Thanksgiving feast

A healthier Thanksgiving is easier than you think

Thanksgiving is a lot of things. It is a day to give thanks and reflect on the previous year. It is an opportunity to make new memories with friends and family. And it is a time to gather around the table and share a communal meal.

But there is one thing Thanksgiving is not: healthy.

Americans consume between 3,000 and 4,500 calories during the Thanksgiving meal, according to the Calorie Control Council, and that does not include going back for seconds. That far exceeds the USDA’s recommended 1,600 to 2,400 calories a day for women and 2,000 to 3,000 calories for men.

If that does not startle you, perhaps this will: during the Thanksgiving meal, you may eat as much as one and one-third stick of butter. You may also consume 150 grams of fat and 75 grams of sugar, nearly three times the recommended amount of each.

These are shocking numbers, but do not let them ruin your holiday.

“Research shows that it is behaviors sustained over weeks and months, rather than overindulging for one day, that will have a significant impact on your health,” said Karen Pritts, MS, RDN, CDCES, LDN, Director of Clinical Nutrition and Diabetes at Penn Highlands Mon Valley. “An isolated event, unlike repetitive lifestyle habits, is not likely to disrupt your body’s composition.”

That said, overeating on Thanksgiving can ruin your holiday, even if it does not ruin your overall health. Overeating can lead to uncomfortable bloating, nausea, heartburn and abdominal discomfort. It can also cause the body to go into postprandial somnolence, also known as a “food coma.” Feeling sleepy and uncomfortable is not a fun way to spend Thanksgiving, and there are some easy ways to trim back some of those calories without depriving yourself the joy of the Thanksgiving feast.

No, you should not skip breakfast (but do not overdo it).

You may be tempted to skip breakfast, or lunch if your Thanksgiving meal is at dinnertime, but resist that temptation. If you starve yourself ahead of time, you may be more likely to eat much more than you would have had you eaten beforehand. Rather, eat a light breakfast and lunch, which will still give you plenty of room for the big meal but will not make you ravenous when you sit down at the table.

Fresh hors d'oeuvres are the best hors d'oeuvres.

There will be plenty of rich, decadent dishes during the proper meal, so plan to make the appetizers fresh and healthy. Think shrimp cocktail instead of pigs in a blanket or pumpkin crostini rather than fried goat cheese.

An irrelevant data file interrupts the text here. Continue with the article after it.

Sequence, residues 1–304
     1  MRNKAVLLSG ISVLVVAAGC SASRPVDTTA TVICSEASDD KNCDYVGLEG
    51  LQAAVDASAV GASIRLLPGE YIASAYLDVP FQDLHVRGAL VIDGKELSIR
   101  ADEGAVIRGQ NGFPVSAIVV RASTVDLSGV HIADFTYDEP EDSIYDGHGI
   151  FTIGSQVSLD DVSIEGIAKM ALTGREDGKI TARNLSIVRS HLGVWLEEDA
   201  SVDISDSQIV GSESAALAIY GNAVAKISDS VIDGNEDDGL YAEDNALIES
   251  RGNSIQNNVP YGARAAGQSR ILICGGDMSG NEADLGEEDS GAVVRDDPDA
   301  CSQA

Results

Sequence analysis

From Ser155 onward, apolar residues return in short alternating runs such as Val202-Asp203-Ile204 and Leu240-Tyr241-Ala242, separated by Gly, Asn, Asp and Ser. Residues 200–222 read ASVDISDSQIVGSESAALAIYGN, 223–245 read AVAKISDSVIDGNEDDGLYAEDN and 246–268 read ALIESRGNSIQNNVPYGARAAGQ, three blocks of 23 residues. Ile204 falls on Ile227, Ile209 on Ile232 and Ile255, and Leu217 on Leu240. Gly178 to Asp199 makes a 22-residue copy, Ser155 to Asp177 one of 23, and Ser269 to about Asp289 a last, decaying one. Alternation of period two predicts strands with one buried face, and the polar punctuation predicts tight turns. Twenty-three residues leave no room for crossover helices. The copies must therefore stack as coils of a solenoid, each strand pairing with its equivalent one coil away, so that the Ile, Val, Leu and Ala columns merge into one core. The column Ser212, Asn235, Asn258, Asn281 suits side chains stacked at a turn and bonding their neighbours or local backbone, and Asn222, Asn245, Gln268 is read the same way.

Skip the seconds.

How often have you regretted going back for seconds? A piece of pie is essential on Thanksgiving, so skip the seconds and save room for dessert.

Go light on the booze.

Calories from alcohol add up quickly. A wine spritzer, made with half a glass of red or white wine and half a glass of seltzer, is just as celebratory with half the calories. Garnish your spritzer with a lime wedge and a couple of cranberries for a festive touch.

Drink plenty of water.

Speaking of drinking, make sure you stay hydrated. Drinking water can actually help suppress your appetite, and staying hydrated could even help kick start your metabolism.

Pay attention to the signs of overeating.

When you first begin to feel some pressure or tightness in your stomach, you have likely reached a comfortable fullness and should be aware of overeating. Other signs to stop eating include food not tasting as good as it did at the beginning of the meal and beginning to feel sleepy. Eating slowly is a great way to avoid overeating. When you eat too fast, it is easy to go past the point of fullness before you even realize you are stuffed. Eating slowly gives your stomach time to signal to your brain that it is full.

Leave the table.

Finally, get away from the food and the table. After the meal, if weather permits, go for a nice, long walk with family and friends. Other options include playing board games or reviewing family photo albums.

“There are many benefits to walking after eating,” said Mrs. Pritts. “It can regulate your blood sugar levels, improve digestion, reduce bloating, burn calories and even lower your blood pressure.”

Penn Highlands Healthcare provides nutrition specialists who help educate and counsel patients on nutrition guidelines as well as disease prevention and management. They teach people how to read food labels, understand carbohydrates and map out meal plans. Plus, they provide recipes that are easy, healthy and tasty. To learn more, visit,